Putin made his hostility to the United States and Europe clear in a stark speech at the Munich Security Conference in 2007. He invaded Georgia in 2008 and also that year made a claim to Crimea, Ukrainian territory. In 2014, Putin invaded Ukraine. He was angered by the fall of Ukrainian President Viktor Yanukovych, his loyal subordinate who fled the country in the face of pro-European demonstrations that he had failed to crush, even after firing on demonstrators. After eight years of steady but low levels of fighting, Putin launched an all-out invasion of Ukraine in February 2022 aimed at destroying Ukraine’s sovereignty either by annexing it outright or reducing it to satellite status, recalling the Soviet satellites during the Cold War.
The US and European nations had treated Russia’s 2008 attack on Georgia as peripheral and its 2014 initial attack on Ukraine as a limited problem. In retrospect, that seems to have been a mistake. But they reacted sharply to the outbreak of full-scale war in 2022, treating it as a major international challenge that they had to meet. They imposed serious economic sanctions against Russia and provided Ukraine with large quantities of weapons and ammunition including, though only after prolonged periods of indecision, sophisticated arms such as tanks, fighter jets, advanced air defense systems, and longer-range attack missiles.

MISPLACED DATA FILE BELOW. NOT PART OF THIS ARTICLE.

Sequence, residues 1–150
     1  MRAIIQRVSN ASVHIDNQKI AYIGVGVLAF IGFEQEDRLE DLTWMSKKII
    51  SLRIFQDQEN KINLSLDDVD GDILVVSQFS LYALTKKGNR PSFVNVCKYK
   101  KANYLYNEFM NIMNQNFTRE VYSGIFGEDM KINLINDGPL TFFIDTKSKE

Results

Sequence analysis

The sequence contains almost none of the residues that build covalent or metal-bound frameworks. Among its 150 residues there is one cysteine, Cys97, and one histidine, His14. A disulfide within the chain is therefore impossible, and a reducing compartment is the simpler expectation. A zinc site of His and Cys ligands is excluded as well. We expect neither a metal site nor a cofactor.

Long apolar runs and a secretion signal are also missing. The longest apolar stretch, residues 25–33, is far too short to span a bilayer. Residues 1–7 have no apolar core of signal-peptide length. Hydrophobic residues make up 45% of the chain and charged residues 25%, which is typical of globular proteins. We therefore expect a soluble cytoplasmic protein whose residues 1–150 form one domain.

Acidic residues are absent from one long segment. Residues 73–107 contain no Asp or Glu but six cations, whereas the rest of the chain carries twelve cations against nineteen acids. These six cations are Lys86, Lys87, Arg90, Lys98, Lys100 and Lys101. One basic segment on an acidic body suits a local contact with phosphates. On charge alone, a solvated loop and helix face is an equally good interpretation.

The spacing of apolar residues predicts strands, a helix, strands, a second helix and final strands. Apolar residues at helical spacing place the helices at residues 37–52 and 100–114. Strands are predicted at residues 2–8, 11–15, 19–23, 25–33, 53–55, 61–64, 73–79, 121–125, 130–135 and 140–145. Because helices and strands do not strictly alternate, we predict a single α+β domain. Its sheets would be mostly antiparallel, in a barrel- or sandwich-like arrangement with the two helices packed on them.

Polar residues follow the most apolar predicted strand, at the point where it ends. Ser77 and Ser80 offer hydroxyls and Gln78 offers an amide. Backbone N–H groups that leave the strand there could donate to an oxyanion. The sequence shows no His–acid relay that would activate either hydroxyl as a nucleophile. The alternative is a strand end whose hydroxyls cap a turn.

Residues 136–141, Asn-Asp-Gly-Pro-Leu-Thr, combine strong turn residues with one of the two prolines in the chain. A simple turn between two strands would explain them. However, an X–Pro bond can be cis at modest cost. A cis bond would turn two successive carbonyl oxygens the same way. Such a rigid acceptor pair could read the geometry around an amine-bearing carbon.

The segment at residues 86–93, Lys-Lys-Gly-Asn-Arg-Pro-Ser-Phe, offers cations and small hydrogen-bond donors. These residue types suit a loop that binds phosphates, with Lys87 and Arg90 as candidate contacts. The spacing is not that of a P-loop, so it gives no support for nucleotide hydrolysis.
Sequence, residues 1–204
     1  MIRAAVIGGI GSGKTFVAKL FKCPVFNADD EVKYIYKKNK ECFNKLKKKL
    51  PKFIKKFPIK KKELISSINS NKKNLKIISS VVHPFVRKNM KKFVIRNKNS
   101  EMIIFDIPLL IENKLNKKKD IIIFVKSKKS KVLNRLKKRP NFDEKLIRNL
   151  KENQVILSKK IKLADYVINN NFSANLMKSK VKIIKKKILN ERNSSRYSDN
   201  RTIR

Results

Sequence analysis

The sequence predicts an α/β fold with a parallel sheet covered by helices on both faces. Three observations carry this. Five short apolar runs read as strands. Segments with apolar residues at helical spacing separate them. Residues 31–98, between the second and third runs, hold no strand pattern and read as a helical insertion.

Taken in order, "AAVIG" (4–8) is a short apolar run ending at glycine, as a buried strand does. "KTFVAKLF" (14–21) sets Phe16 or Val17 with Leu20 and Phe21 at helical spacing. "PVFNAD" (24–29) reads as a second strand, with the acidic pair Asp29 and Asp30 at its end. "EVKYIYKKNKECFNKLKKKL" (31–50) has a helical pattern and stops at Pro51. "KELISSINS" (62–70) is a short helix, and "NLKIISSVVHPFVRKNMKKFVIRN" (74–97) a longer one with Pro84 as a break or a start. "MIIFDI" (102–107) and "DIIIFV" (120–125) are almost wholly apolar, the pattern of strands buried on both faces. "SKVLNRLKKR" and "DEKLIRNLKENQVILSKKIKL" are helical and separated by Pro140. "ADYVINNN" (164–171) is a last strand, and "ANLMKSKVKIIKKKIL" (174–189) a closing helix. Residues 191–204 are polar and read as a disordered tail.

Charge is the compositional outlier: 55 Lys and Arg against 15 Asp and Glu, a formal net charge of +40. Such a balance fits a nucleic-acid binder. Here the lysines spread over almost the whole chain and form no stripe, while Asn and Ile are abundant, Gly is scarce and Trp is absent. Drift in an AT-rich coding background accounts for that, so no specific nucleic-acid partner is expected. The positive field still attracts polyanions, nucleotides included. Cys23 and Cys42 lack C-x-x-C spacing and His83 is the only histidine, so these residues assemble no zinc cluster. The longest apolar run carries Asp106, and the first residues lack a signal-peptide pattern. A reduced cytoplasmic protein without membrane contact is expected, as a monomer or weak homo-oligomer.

Before the full-scale invasion, the Biden administration had sought essentially to park the US-Russian relationship in a “stable and predictable” category, the better to focus on what it considered to be the more profound challenge from China. After the invasion, the Biden administration spoke of needing to meet simultaneous challenges to the free world (or “rules-based, liberal international order”) from two authoritarian adversaries, China and Russia.